In August 2005, an outstanding site for fossil bryozoans was discovered at Kuromatsunai on Hokkaido, the northern island of Japan. This locality exposes marine gravels belonging to the Setana Formation of Pleistocene age. The great majority of the pebble- and cobble-sized clasts forming the gravel are encrusted by bryozoan colonies in excellent states of preservation. We are unaware of other marine gravels of any age in the geological record that contain such rich bryozoan faunas. In addition, fragments of erect bryozoans occur abundantly in the matrix between the clasts. The locality was quickly dubbed ‘Kokemushi Paradise’, kokemushi being the Japanese word for bryozoans. Aside from the bryozoans, there are also stylasterid hydrocorals, bivalves, barnacles and serpulid worms. Like the clasts, the stylasterids and bivalves, especially pectinids, are typically heavily encrusted by bryozoans.
The diverse encrusting bryozoan fauna from Kokemushi Paradise offers unprecedented opportunities for studying the dynamics of an ancient hard substrate community, including overgrowth competition for substrate space between encrusters, patterns of fouling, short-term ecological succession on clasts, microhabitat differentiation, and the influence of clast type, size and shape on the encrusters present. In addition, palaeoenvironmental information can also be gleaned from the bryozoan fauna at Kokemushi Paradise, potentially valuable in understanding climatic and oceanographic conditions approximately one million years ago.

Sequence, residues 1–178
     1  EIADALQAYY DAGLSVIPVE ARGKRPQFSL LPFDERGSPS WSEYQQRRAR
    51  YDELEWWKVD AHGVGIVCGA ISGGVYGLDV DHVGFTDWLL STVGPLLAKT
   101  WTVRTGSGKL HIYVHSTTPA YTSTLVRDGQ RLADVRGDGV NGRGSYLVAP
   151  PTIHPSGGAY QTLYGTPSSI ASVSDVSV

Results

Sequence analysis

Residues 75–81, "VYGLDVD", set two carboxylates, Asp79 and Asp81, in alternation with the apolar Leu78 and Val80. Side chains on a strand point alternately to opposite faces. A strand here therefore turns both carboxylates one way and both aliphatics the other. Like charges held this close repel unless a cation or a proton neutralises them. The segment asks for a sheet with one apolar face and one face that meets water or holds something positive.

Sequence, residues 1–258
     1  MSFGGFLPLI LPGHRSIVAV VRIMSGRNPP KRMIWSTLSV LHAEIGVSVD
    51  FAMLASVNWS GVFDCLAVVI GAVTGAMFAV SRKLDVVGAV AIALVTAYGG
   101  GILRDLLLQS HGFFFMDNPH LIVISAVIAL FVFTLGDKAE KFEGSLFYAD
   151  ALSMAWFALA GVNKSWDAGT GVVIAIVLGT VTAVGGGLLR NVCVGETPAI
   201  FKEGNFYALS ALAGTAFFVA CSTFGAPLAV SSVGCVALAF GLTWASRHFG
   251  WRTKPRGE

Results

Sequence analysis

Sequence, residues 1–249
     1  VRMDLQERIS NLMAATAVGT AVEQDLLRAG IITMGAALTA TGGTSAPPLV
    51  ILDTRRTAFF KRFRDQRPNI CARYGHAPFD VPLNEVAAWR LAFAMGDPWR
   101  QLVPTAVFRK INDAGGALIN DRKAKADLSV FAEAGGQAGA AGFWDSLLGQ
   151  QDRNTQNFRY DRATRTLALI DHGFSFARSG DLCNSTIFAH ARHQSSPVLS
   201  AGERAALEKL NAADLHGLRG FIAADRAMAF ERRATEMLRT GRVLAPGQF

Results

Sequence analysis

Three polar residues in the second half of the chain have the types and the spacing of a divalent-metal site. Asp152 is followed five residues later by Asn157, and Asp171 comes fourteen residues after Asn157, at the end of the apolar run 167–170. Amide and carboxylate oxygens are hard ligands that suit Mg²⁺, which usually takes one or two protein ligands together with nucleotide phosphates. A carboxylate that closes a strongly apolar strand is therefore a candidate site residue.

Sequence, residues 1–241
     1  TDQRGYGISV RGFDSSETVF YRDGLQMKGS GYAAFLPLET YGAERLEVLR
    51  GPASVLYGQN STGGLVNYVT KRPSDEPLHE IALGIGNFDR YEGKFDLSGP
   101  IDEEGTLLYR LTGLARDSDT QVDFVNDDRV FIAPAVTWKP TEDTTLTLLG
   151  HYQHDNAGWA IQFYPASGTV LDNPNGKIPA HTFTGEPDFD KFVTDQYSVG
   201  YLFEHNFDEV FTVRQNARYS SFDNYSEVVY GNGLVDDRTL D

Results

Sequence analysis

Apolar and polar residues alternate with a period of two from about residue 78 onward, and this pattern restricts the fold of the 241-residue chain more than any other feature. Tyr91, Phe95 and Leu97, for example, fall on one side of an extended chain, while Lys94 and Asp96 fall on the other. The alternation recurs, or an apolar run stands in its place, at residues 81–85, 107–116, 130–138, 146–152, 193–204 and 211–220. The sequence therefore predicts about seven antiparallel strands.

The first step before interpretive research can progress on the palaeoecology and palaeoenvironment of Kokemushi Paradise is to identify the bryozoans present. As the taxonomy of bryozoans is often complex, and available literature is inadequate, scattered and sometimes difficult to obtain, there is a need for online publication of images and descriptions of the bryozoans from Kokemushi Paradise.
Shells in Quarry